GAINESVILLE, Fla. — Researchers at the University of Florida Institute of Food and Agricultural Sciences have been awarded more than $13.4 million for four studies to help fight citrus greening, the devastating disease that threatens Florida’s $10 billion citrus industry.

The projects are funded through the Specialty Crop Initiative Citrus Disease Research and Education (CDRE) program, which is made available through the Agricultural Act of 2014, also known as the Farm Bill.

The following UF/IFAS research projects were funded:

  • $4.6 million to develop an environmentally safe, systematic bacteriacide that can be applied with conventional spray or drench technology to reduce or eliminate pathogens in citrus trees. The goal is to recover fruit production in greening-affected orchards.
  • $3.4 million to support ways to provide steam-generated treatments as an immediate, short-term solution to sustain productivity in HLB-affected trees, while reducing adverse effects on crop yield and fruit quality.
  • $3.3 million to try to develop an HLB-resistant citrus cultivar.
  • $2.9 million target the use of field trials in Florida to develop and effective microbial treatment for citrus plants affected by HLB.
  • UF/IFAS is also partnering with the University of California-Davis on a $4.6-million grant that focuses on using new approaches to manage the Asian citrus psyllid, will assess the economic benefits of these approaches and will develop new outreach information.

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Bicyclists willing to ride up to 3 miles to catch bus, train, UF/IFAS study shows

Topic(s): Conservation, Environment, Families and Consumers, Green Living, IFAS, RECs, Research

Students commute on bicycles through campus.

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GAINESVILLE, Fla. – If three American metro areas are any indication, few people ride their bicycles to a bus or train station to commute to work, and those who do only travel an average of 1 to 2 miles. That suggests to a University of Florida researcher that American cities should make the 2-mile radius around transit hubs more bike-friendly.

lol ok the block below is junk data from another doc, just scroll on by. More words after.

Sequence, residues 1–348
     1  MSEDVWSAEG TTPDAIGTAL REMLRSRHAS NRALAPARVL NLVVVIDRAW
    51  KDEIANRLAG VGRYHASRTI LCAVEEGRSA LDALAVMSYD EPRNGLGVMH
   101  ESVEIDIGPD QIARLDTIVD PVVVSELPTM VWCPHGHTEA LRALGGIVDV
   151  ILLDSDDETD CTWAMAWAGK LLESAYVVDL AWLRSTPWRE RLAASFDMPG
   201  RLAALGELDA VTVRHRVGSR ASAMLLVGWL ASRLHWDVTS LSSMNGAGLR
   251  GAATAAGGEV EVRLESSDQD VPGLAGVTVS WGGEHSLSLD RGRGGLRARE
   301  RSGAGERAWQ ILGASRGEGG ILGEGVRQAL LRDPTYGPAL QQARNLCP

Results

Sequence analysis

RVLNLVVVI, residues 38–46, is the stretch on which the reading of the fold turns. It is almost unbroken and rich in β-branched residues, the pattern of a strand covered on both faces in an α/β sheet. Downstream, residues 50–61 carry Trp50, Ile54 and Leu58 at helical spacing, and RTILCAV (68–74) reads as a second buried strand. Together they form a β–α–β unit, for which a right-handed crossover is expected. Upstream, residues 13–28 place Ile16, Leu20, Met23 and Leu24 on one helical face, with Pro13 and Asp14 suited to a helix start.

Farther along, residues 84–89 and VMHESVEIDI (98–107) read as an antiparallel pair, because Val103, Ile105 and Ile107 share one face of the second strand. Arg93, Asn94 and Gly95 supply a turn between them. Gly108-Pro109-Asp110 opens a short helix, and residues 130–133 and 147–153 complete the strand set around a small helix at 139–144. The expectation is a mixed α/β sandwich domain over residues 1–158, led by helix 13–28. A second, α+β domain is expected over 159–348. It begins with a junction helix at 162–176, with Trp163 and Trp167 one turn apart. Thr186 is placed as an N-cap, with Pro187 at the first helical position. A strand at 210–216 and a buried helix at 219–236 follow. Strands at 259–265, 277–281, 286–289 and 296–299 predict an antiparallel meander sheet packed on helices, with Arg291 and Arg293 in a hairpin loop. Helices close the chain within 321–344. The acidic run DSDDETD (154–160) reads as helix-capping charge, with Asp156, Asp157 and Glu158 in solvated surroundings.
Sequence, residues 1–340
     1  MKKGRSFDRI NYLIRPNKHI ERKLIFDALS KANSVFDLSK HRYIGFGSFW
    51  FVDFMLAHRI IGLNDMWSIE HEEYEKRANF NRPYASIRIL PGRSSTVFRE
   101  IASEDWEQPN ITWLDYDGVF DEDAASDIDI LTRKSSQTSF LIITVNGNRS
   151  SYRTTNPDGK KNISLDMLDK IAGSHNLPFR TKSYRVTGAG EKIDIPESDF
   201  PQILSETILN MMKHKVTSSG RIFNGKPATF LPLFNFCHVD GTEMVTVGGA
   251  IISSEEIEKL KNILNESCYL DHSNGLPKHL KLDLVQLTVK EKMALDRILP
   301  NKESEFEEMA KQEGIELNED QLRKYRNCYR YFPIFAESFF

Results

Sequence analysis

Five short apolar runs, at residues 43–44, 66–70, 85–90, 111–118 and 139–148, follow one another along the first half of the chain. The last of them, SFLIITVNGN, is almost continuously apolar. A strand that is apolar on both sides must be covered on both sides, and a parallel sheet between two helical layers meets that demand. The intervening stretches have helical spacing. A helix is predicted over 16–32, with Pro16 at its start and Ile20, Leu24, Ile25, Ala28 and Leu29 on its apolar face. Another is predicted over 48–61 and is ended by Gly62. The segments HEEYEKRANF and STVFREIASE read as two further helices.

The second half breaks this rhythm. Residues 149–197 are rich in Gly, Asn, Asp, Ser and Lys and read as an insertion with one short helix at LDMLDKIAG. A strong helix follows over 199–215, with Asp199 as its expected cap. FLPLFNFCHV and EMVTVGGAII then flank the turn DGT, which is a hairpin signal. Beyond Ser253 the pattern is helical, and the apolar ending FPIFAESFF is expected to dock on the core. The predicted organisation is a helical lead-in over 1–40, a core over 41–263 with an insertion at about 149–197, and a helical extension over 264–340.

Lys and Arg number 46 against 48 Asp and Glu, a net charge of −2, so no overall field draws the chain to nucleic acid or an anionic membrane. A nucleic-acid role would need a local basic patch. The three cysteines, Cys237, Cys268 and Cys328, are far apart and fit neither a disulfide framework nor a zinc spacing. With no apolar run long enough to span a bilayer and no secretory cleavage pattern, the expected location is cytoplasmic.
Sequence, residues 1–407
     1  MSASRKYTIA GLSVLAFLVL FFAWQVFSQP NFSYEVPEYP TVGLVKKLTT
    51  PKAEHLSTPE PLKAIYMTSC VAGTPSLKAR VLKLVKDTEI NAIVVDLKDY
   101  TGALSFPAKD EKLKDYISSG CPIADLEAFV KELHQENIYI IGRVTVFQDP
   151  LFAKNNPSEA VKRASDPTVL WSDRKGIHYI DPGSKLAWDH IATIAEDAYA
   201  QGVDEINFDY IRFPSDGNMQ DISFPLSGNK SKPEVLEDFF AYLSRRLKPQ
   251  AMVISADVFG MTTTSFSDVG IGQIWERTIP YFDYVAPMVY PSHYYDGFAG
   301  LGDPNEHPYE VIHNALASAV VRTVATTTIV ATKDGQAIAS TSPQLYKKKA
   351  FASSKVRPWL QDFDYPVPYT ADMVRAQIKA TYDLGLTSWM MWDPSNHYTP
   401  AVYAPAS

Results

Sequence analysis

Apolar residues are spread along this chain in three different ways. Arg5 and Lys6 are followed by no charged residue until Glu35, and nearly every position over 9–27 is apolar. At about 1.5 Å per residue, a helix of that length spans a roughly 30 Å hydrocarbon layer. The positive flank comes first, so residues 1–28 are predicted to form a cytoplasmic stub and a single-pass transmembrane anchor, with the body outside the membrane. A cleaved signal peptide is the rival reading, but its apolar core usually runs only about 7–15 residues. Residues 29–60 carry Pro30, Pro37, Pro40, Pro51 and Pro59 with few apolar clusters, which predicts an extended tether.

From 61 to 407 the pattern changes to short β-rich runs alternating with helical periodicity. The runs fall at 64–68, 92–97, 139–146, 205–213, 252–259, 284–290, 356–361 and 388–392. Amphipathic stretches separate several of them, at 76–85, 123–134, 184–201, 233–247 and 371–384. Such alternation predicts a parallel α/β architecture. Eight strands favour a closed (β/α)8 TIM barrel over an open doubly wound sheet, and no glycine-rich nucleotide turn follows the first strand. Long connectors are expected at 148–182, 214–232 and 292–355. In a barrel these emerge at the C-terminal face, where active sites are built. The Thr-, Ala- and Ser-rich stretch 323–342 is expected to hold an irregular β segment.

Methods to do so could include installing bicycle lanes separated from vehicular traffic, adding off-street multipurpose paths for pedestrians and bicyclists and converting car lanes to bike-only lanes, said UF geomatics Associate Professor Henry Hochmair.

Hochmair reached his conclusions by studying data collected by transit agencies from passengers who rode trains and buses in three metro areas – Atlanta, Los Angeles and Minneapolis-St. Paul.

From those who completed the survey, Hochmair analyzed trips from 157 people in Los Angeles, 66 in Atlanta and 99 in Minneapolis who rode their bikes to access transit – 2.3 percent, 0.3 percent, and 4.2 percent, respectively. In Hochmair’s data analysis, those who opted to ride a bike to a transit hub cycled an average of 1 to 2 miles in Atlanta and the Twin Cities and 3 miles in Los Angeles.

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UF/IFAS scientists find potential biological control for avocado-ravaging disease

Topic(s): Agriculture, Biocontrols, Crops, Economics, Pests, RECs

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GAINESVILLE, Fla. — University of Florida scientists believe they’ve found what could be the first biological control strategy against laurel wilt, a disease that threatens the state’s $54 million-a-year avocado industry.

Red ambrosia beetles bore holes into healthy avocado trees, bringing with them the pathogen that causes laurel wilt. Growers control the beetles that carry and spread laurel wilt by spraying insecticides on the trees, said Daniel Carrillo, an entomology research assistant professor at the Tropical Research and Education Center in Homestead.

But a team of researchers from the Tropical REC and the Indian River Research and Education Center in Fort Pierce have identified a potential biological control to use against redbay ambrosia beetles that could help growers use less insecticide.

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Range Cattle Research and Education Center dedicates new education building

Topic(s): Announcements, Extension, IFAS, Livestock, RECs

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GAINESVILLE, Fla. – Cattlemen, Extension agents and other stakeholders soon can attend educational events at a new University of Florida facility dedicated to teaching how to manage the state’s grazing lands.

Officials dedicated and opened the Grazinglands Education Building Nov. 20 at UF’s Range Cattle Research and Education Center in Ona. At the same time, they recognized major donors and highlighted their “Campaign for Ona.”